Friday, November 1, 2019

Miracle Escape from a Holocaust Transport: A WWII Story

by Cindy K. Stewart

In April of 1944, Nazi soldiers herded eleven-year-old Simon Gronowski and his mother onto a waiting train, along with more than sixteen hundred other Jewish prisoners who lived in Belgium. The train's destination - the notorious Auschwitz death camp in Poland, more than 700 miles away. The Gronowskis crowded into a wooden boxcar with one single, small, wired-over window with no food, water, or seats.

The Gronowskis' home was in Brussels, but they were transported from a transit camp in Mechelen.
Courtesy of the United States Holocaust Memorial Museum.

The train started on its way, but less than ten miles later, around 9:30 PM, it slowed and then stopped. Three members of the Belgian Resistance - Robert Maistriau, Jean Franklemon, and Youra Livchitz - had placed a lantern covered with red paper on the railroad tracks in an effort bring the train to a stop to they could help as many prisoners to escape as possible. Their ploy worked as the train engineer stopped for the "danger" signal.

Armed with only a small-caliber handgun, "Livchitz began wildly firing his revolver in the direction of the Nazi guards at the rear of the train, trying to simulate an attack by a large force." Maistriau and Franklemon used wire cutters to open the boxcar doors and yelled at the prisoners to get out. Many jumped out and tried to run away, but German troops stationed on top of the train fired at them. After a few minutes, the train moved forward, but the engineer deliberately kept the train from going too fast to allow more prisoners to escape.

After opening up as many boxcars as possible, and the train began moving again, Maistriau, Franklemon, and Livchitz retrieved their bicycles from the bushes and quickly rode away. Although they "did not reach the boxcar where Simon and his mother were imprisoned, men in the car realized other prisoners were escaping and managed to pry open the boxcar door. By then the train was moving, but some inside jumped out anyway."

Items used during the attack, now in the collection of the Kazerne Dossin Museum in Belgium.
Courtesy of Author Jessica Dommicent and Creative Commons via Wikimedia Commons.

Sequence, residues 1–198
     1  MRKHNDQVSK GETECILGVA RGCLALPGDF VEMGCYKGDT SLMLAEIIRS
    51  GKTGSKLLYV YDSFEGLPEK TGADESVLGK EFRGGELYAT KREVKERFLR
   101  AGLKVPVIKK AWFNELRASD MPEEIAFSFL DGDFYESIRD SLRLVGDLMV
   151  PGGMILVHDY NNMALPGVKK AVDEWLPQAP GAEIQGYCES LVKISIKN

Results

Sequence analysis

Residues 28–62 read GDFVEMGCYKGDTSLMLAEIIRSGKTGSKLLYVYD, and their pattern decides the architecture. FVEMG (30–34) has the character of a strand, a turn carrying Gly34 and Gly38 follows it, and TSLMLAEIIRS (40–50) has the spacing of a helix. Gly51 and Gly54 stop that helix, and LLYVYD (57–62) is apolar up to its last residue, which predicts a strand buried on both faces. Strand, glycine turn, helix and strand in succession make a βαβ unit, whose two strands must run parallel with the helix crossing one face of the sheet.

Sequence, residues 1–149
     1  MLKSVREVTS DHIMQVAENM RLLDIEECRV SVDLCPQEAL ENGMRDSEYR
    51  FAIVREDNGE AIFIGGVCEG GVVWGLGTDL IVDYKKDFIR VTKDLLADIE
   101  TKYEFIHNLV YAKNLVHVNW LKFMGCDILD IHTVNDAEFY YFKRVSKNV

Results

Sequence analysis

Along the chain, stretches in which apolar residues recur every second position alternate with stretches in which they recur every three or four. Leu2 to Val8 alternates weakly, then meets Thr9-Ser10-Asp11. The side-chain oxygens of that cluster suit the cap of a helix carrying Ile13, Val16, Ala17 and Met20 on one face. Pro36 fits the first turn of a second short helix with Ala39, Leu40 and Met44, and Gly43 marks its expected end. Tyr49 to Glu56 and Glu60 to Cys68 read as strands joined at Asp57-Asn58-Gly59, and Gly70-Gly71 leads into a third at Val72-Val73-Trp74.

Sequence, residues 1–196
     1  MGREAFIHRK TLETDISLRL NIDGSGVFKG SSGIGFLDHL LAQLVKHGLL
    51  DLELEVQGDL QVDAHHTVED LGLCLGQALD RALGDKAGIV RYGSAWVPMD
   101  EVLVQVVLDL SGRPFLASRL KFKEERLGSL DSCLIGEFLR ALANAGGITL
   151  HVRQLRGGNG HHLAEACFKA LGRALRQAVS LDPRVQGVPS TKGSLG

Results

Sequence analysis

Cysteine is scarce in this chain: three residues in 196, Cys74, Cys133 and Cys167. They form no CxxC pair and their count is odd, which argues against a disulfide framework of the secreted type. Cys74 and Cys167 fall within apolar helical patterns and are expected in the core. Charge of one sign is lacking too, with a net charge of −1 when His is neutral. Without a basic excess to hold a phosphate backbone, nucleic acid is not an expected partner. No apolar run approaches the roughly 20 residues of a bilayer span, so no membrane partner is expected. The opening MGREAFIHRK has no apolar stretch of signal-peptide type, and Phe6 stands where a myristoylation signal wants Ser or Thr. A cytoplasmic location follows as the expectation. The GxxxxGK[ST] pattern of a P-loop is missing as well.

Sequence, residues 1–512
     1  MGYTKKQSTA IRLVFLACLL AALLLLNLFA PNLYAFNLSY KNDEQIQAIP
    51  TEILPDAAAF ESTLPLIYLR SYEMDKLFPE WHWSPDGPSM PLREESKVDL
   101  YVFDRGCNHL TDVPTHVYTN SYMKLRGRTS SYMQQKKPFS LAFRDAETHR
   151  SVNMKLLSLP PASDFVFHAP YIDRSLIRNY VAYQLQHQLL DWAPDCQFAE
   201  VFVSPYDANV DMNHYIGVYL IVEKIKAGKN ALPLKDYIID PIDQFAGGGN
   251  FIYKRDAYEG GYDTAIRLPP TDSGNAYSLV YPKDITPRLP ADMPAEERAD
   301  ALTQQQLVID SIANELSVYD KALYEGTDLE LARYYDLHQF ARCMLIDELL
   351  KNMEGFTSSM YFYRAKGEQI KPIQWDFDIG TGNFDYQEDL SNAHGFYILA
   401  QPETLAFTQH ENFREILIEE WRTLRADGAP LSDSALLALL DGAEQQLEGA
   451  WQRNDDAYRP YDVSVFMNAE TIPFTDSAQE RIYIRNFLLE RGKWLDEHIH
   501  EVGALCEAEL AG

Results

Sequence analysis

Simon's mother gave him money, had him hide it in his sock, and then led him to the door. "She lowered him toward the ground" by the shoulders but was reluctant to let go because of the train's speed. It sped up and then slowed, so she finally released him, and Simon landed on the ground safely. He was the last to escape his car. The German guards shot other jumpers, and Simon spotted the guards heading his way, so he rolled down a small slope and ran for the trees. He didn't stop until he was deep in the woods. Because of his experience "camping in the Belgian forests as a scout," Simon was quite comfortable in his new surroundings.

Simon walked through the night and reached the edge of the woods at daybreak. He stopped at a small house and explained to the woman who answered that he had become lost in the woods while playing with friends and needed help getting home to Brussels. The woman took him to the home of a policeman who was also a secret member of the Belgian Resistance. He was aware of the train ambush and assumed Simon had escaped. The officer's wife washed and mended Simon's clothing, fed him breakfast, and gave him a bath. The officer took him "to a remote train depot, bought him a ticket to Brussels, and put him on a departing train." Simon made it safely to Brussels, and, miraculously, no one requested his identification papers along the way.

Simon made it to his former neighborhood where a close family friend, Madame Rouffart, took care of him and made plans to move him to a safer location. She arranged a reunion for Simon with his father, who was in hiding. Fearing they would be captured if they stayed together, Madame Rouffart sent Simon to another safe house where he survived until the Allies liberated Belgium. Sadly, Simon's father died of a heart attack shortly after liberation, and Simon's mother was sent to the gas chamber as soon as she arrived at Auschwitz. His older sister was later sent to the camp and succumbed to the same fate.

Prisoners Arriving at Auschwitz. Courtesy of Yad Vashem.

Simon's train to Auschwitz became "famous as the 'Twentieth Convoy' - the only Nazi train during the Holocaust to be ambushed by members of the Resistance while en route to a death camp." Two of the three Resistance members who freed the escapees survived the war. "More than 230 Jewish prisoners escaped from the Twentieth Convoy, and more than a hundred evaded recapture." Simon grew up in the home of his aunt and uncle, became an accomplished Belgian attorney, father, and grandfather, and is still alive today.

Memorial of Attack on the "20th Convoy" to Auschwitz
Courtesy of Creative Commons via Dutch Wikipedia

Gragg, Rod. My Brother's Keeper. Center Street, 2016.


Cindy Stewart, a high school social studies teacher, church pianist, and inspirational historical fiction author, placed second in the 2019 North Texas Romance Writers Great Expectations contest, semi-finaled in the American Christian Fiction Writer’s Genesis contest, and won ACFW’s First Impressions contest in the historical category. Cindy is passionate about revealing God’s handiwork in history. She resides in North Georgia with her college sweetheart and husband of thirty-eight years and near her married daughter, son-in-law, and four adorable grandchildren. She’s currently writing a fiction series set in WWII Europe.